6020 Wilshire Blvd. (across from BCAM at LACMA) Los Angeles, CA 90036
Paradise Lost tells a story of Miami’s most explosive decade. In the late seventies Miami re-emerged as a cocaine-ridden city of drugs and violence. Debaucherous discothèques, palatial mansions, exotic car dealerships, and international banks defined the new space that would become the future of contemporary South Florida. This body of work features photography, film, mirrored etchings, and works on paper exploring the themes of power, desire and destruction. Historical figures like cigarette boat king Don Aronow, drug queenpin Griselda Blanco and celluloid icon Tony Montana all worked well as symbols of empty promise. A passion for true crime and the current level of greed and corruption in our culture provided timely inspiration. “I figured it was a loose metaphor, much like the poem Paradise Lost by John Milton (1667) about the fall of man,” says Casagrande.
In the glamour of the night, the mirrored squares circling the dance floor create a fleeting contradiction between fantasy and reality. The power of transformation, and the popularity of cocaine’s anxiety ridden nature framed my decision to work within the notion of mirrors and perception.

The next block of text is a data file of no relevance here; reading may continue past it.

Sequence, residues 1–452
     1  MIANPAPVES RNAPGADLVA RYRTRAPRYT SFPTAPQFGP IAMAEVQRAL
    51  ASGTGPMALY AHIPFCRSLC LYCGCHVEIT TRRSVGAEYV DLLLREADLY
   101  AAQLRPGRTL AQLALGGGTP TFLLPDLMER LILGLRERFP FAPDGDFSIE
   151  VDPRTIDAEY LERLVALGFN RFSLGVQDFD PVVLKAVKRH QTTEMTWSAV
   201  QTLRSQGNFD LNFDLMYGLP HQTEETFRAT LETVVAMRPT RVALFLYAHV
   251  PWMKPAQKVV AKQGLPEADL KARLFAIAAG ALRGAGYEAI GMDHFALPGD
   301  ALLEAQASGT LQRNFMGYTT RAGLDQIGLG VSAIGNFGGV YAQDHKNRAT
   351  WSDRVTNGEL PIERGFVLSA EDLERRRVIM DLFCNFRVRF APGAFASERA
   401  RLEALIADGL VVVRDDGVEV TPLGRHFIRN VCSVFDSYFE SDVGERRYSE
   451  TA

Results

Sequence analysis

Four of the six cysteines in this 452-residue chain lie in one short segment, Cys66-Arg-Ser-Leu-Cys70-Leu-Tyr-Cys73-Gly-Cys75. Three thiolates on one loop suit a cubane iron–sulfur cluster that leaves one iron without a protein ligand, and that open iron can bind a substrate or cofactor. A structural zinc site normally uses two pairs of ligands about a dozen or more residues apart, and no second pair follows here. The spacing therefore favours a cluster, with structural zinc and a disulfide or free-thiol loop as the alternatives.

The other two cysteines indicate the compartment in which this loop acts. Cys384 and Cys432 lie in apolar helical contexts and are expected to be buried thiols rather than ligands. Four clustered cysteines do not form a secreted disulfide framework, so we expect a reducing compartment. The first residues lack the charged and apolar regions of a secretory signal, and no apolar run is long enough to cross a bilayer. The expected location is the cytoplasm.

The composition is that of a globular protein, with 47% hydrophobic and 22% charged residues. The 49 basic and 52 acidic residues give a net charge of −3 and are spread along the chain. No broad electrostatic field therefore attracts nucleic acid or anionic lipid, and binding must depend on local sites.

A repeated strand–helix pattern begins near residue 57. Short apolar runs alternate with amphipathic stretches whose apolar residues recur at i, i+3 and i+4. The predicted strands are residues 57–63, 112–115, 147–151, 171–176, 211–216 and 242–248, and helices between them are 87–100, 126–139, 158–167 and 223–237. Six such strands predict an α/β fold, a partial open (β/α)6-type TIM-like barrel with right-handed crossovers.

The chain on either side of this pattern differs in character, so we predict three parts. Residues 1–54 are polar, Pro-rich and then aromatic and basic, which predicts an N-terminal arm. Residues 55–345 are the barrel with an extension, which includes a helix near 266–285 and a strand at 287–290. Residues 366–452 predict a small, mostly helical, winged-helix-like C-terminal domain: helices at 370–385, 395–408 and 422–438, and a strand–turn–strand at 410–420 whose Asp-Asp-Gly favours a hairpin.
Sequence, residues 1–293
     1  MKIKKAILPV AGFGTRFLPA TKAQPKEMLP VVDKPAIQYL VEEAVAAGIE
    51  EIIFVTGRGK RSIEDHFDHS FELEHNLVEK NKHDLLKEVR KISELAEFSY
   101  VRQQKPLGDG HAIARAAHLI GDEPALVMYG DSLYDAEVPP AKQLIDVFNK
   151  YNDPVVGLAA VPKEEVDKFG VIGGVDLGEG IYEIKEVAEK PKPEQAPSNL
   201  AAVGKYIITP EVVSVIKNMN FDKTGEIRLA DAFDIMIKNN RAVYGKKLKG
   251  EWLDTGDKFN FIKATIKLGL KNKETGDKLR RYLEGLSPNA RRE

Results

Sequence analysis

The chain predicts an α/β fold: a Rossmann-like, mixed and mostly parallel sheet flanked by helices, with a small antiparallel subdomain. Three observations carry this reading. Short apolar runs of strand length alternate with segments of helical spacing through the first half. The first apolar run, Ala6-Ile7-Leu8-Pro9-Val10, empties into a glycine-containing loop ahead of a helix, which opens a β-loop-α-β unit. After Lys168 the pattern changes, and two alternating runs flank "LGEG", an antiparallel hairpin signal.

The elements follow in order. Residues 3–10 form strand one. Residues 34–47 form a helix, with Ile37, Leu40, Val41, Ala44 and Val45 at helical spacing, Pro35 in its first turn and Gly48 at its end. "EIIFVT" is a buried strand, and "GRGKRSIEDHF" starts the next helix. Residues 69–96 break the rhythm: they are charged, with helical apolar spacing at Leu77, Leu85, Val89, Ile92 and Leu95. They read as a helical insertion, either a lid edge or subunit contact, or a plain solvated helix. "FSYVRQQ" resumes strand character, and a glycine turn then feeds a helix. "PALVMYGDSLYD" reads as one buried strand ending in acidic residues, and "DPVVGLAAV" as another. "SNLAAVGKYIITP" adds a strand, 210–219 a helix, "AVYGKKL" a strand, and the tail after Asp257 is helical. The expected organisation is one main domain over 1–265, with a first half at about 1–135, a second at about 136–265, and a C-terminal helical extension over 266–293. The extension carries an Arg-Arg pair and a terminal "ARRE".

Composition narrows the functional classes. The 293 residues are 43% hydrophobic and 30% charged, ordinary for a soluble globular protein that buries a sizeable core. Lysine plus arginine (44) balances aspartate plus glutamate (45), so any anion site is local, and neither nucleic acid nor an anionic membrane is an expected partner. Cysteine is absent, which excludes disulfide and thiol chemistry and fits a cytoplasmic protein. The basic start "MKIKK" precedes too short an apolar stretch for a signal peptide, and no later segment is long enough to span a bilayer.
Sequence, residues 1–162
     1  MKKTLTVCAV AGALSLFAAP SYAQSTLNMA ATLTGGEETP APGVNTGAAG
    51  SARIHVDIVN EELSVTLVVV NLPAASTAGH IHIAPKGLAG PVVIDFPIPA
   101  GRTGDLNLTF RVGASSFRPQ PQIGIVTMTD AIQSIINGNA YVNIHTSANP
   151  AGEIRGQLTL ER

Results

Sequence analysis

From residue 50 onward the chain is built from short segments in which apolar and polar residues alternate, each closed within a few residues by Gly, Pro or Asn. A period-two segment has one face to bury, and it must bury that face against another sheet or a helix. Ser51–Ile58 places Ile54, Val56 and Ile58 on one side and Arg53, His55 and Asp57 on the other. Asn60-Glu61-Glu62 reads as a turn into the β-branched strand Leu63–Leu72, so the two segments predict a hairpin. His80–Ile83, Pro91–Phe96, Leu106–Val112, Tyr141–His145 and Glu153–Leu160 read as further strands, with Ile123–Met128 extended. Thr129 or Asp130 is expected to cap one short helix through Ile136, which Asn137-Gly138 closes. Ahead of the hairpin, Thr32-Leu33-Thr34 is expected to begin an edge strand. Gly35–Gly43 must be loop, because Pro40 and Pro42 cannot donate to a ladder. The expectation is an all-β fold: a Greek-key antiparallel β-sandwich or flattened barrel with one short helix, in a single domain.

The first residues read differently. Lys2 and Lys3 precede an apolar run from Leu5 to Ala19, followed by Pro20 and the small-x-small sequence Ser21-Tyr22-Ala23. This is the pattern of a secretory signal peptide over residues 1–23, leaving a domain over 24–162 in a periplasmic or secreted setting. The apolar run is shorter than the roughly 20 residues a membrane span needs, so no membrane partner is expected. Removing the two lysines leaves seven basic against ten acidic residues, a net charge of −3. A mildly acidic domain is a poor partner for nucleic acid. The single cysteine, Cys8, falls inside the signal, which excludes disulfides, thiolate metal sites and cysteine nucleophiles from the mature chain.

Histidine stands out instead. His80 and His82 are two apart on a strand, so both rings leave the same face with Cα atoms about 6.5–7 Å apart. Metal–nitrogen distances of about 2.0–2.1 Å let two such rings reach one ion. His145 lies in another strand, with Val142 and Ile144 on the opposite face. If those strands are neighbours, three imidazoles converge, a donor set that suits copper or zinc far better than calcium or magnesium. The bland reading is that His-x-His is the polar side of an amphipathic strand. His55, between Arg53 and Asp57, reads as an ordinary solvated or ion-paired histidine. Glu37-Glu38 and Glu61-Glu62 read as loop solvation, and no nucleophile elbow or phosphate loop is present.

The grid pattern’s allusive nature creates a linear abstraction reducing the space down to a single square. The square becomes a ring, the ring becomes a battle, and within this square is a spectacle of power. A dance unfolds where power and morality are on the line until a new opponent emerges in victory. -- Paul Mittleman, curator, Paradise Lost.
Reggie Casagrande crew opening night.... It was a long week for all but so excited for Reggie to see this come to fruition for her. I met Reggie about 8 years ago when we hired her to shoot an ad campaign for the brand I was working for. I had seen her work in Paper magazine and thought she had such a cool POV. She was one of the first friendly faces from my former life that I saw once I moved to LA and I feel lucky to know this amazing woman.